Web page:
Who qualifies as a policy maker?
Policy has two sides. The first is normative, making the world as it ought to be. The second is technical: given that it has been decided how the world ought to be, how can this be achieved?
For example, suppose you live in a small town and that some of your fellow citizens are fed up with the traffic congestion. You are a professional traffic engineer and can see how traffic flows could be greatly improved (technical as professional) but you think this is a bad idea because it will detract from the charm of the town (normative as citizen). This is a hot topic in your town (political) and a new mayor is elected promising to improve the traffic flows (elected representative establishes norms for policy). As a known and respected traffic engineer the mayor asks you to help formulate the new policy (official request for technical expertise). Even though you hate the idea (normative as an individual), you agree to help, and as a professional you will do the best job that you can (disinterested as an expert). The mayor calls a town meeting (engaging citizens) for you to explain the various possibilities and their pros and cons (helping to establish policy options). The politicians and citizens then discuss what they think is good or bad about the various options (normative) and a policy emerges (democratic decision).
Your role as an expert is analogous to the role of scientists in Global Systems Science. The scientist must act as a disinterested expert and must put their values and beliefs to one side. The policy is made by the politicians and the citizens. Scientists can help formulate and investigate the consequences of particular policies, but politicians and citizens decide which particular policy will be adopted and acted on.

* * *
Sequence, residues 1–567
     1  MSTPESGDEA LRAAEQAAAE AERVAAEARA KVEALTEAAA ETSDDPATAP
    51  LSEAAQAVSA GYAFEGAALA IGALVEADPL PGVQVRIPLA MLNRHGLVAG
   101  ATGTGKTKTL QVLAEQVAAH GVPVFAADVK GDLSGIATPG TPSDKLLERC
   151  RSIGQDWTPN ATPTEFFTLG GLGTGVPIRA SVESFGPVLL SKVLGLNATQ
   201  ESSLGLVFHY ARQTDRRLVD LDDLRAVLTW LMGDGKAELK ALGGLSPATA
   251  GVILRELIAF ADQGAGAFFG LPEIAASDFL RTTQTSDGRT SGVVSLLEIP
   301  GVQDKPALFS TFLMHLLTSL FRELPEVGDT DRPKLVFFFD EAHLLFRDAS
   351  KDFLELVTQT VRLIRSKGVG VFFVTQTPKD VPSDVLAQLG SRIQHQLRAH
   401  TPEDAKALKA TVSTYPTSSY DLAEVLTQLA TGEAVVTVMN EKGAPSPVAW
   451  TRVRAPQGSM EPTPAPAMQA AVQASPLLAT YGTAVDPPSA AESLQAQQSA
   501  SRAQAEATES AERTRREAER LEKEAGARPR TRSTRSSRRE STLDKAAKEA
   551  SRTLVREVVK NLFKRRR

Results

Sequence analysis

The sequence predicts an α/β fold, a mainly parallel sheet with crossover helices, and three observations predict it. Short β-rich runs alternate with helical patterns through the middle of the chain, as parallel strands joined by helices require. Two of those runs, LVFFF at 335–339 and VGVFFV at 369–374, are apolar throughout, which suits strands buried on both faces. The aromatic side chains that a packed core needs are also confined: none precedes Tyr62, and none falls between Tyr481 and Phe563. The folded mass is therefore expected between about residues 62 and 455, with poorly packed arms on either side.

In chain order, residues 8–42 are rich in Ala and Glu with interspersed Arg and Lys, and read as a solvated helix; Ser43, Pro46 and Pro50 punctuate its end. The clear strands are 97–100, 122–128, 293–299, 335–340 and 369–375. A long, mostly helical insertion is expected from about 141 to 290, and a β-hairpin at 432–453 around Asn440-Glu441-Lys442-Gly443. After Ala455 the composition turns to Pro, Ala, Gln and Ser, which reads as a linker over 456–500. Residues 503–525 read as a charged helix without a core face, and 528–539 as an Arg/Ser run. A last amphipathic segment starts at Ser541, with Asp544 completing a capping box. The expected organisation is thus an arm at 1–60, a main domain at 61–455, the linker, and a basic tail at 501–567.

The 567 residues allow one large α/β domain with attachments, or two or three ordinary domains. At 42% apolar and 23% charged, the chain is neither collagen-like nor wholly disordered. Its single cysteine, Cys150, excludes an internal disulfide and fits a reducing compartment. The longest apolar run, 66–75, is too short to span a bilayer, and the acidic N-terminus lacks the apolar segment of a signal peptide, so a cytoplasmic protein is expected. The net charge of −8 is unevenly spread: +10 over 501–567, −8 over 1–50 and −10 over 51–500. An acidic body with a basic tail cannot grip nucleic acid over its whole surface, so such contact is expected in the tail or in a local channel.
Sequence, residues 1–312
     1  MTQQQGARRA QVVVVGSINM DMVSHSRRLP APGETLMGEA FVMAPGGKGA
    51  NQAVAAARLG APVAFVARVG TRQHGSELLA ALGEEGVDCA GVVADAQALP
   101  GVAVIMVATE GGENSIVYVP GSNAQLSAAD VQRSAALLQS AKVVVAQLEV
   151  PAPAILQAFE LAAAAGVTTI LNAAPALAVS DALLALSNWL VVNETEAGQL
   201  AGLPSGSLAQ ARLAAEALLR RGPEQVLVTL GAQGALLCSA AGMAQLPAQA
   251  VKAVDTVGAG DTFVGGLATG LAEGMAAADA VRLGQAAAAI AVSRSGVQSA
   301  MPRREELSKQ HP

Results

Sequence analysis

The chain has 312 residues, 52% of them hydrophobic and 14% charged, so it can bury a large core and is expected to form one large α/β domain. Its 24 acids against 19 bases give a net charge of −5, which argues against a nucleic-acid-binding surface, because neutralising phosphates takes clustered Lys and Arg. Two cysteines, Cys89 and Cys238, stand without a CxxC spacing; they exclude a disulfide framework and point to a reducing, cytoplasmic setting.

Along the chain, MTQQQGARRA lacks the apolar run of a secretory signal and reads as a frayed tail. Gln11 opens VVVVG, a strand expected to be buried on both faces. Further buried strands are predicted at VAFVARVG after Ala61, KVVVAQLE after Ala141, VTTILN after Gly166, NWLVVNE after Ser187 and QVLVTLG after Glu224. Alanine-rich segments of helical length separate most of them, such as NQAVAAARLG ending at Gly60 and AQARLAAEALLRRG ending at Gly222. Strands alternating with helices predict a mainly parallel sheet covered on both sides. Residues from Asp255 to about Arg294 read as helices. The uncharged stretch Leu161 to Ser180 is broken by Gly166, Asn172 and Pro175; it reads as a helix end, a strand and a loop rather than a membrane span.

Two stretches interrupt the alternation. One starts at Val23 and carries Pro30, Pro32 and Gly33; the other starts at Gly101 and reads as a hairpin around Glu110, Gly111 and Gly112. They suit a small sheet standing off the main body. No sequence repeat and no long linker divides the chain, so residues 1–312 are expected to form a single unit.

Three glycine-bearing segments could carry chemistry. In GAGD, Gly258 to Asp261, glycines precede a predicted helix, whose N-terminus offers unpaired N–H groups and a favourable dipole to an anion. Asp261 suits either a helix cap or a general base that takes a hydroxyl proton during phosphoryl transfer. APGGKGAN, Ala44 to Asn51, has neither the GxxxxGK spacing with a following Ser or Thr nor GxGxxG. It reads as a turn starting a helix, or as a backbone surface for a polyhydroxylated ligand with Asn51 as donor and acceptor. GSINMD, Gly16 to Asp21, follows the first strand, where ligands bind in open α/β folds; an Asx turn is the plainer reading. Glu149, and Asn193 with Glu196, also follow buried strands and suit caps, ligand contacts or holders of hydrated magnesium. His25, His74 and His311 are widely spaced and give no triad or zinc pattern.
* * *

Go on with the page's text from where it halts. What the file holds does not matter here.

So, politicians and citizens are policy makers but scientists are not. Of course it is not always as simple as this. Scientists are citizens too, but we make a distinction between scientists providing disinterested expertise and scientists acting as citizens.
Most politicians are elected but many policy makers are not. For example, the Officers of organisations such as UNESCO, the International Monetary Fund and the European Union make policies with far reaching local and global impacts. Officers in the police and armed forces make policies to keep international and civil order, while officers of the World Health Organisation make policies to prevent or contain epidemics. These are all supervised by politicians.
Religious leaders also make policies. For example, the Catholic Church forbids artificial contraception. This could be seen by some as an intrusion into people’s secular lives. However, Catholics are free in principle to ignore this prohibition. This can be contrasted with unelected groups forcing their religious views on people, including denying education to girls.
Members of pressure groups influence policy. The mass media - radio, TV, newspapers, magazines, and increasingly the internet - also influence policy, and often drive the policy narrative. In democracies many non-elected people influence policy and provide essential checks and balances on the power of elected politicians.
It becomes increasingly important to include citizens as policy makers as their voices find new ways of being heard through social media. The Tidworth Mums in our video showed that citizens can be trusted to be policy makers, with ordinary people empowered to organise, create and manage the services they need at local level. In this case intermediate level policy makers from the local council and army worked together to enable the Mums to formulate and implement their grass-roots policy. This experience then filtered up to inform higher levels of decision making.